Everyone knows the tale of the monkey and the crocodile from the Panchatantra ; their friendship was destroyed because the crocodile tried to kill the monkey one day through deceit and the monkey saved itself, but despised the crocodile thereafter.
It happened because the crocodile did not have the moral courage to stay content with friendship but succumbed to the need to please his wife, who wanted to eat the monkey’s heart.
This story has a very important message, besides the apparent one of watching out for trouble ; we must be content with what we have. Somebody may question this premise. So what do the scriptures say ? That we deserve what we have ! No wonder, the Bhagavad-Geeta insists so, on satisfaction. Lord Krishna states, “The quality of satisfaction has been created by Me” (10.4); “A content person is dear to Me” (12.18); “You have the right to act but the results are in the control of others” (2.47).
So why are we not content with what we have ? Do we have too high an opinion of ourselves; perhaps ? Or we want everything now , whereas things happen at their appointed time ?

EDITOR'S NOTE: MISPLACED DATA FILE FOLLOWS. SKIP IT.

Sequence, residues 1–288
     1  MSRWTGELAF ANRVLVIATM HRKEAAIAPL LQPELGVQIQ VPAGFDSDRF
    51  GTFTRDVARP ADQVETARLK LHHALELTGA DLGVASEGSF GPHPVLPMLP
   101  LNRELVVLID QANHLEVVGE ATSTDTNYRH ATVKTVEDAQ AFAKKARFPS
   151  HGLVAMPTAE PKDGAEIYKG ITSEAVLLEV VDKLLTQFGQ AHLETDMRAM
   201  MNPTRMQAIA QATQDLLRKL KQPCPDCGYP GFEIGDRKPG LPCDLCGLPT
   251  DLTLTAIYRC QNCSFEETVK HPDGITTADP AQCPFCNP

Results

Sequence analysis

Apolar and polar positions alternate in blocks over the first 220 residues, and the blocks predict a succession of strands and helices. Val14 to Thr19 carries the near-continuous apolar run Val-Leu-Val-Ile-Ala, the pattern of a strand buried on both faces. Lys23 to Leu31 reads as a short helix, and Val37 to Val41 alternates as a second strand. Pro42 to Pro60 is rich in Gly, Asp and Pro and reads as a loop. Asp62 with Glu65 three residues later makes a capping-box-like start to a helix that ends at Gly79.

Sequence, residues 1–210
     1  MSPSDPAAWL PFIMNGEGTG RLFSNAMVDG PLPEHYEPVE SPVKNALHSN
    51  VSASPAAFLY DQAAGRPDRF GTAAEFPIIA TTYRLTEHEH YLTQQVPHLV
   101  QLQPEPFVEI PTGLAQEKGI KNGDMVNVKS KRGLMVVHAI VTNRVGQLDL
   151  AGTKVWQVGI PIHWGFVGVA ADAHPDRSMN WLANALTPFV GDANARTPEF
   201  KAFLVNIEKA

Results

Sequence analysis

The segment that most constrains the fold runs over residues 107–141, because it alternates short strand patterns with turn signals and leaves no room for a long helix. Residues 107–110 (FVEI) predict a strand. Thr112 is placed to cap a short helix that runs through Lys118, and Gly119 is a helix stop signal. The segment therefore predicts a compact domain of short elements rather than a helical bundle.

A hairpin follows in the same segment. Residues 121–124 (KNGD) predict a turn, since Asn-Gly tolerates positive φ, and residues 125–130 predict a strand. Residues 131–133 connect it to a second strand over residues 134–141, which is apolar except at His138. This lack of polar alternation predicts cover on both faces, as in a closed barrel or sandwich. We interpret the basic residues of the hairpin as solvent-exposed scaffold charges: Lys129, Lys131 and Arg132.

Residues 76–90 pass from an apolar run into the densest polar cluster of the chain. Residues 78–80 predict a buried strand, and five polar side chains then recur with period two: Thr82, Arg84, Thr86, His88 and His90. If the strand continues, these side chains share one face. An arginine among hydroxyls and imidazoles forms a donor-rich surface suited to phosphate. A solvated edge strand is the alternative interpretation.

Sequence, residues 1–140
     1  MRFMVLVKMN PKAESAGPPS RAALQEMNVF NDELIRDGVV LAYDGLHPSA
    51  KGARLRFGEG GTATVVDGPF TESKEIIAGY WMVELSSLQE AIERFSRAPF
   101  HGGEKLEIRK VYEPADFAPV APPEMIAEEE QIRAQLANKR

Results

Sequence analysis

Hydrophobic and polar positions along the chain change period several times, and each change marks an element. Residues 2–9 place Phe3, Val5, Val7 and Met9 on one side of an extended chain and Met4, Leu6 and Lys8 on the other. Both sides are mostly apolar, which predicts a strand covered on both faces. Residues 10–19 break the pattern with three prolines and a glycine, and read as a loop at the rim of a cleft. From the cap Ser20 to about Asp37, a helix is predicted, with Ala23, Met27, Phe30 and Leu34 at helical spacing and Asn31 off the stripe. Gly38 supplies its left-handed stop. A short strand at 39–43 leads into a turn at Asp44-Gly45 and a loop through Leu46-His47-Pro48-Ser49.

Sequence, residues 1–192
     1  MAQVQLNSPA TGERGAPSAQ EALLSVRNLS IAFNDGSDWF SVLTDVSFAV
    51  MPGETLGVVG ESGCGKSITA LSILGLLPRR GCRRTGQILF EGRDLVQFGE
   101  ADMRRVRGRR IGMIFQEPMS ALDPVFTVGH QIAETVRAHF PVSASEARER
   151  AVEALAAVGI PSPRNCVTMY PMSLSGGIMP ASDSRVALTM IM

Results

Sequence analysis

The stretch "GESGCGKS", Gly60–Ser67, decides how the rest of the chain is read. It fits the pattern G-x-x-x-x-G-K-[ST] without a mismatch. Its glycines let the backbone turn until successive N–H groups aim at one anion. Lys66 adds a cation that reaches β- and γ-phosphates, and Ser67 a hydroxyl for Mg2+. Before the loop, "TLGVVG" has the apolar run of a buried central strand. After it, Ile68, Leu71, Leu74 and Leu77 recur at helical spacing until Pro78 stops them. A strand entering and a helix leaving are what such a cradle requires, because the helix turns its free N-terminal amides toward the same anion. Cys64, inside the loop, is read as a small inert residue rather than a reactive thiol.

Also, many of us have a very negative attitude towards life. We forget that we have a lot of leverage in what we can give but not much in what we get, since that depends on others and circumstances.
Such discontent doesn’t help our cause. So, what should one do ? Let us remember that excellence is built over a period of time; it never happens overnight.
There is a lot of competition out there; we should never forget that. We should not raise our expectations too high since the resultant discontentment hurts. Faith in God’s arrangement should be maintained. Let us meditate on our share and how things could be worse, and how others deal with life.
However, we should never be content that we do not strive for progress. Instead, we should attempt to improve from the platform of contentment because that is how we shall be most efficient.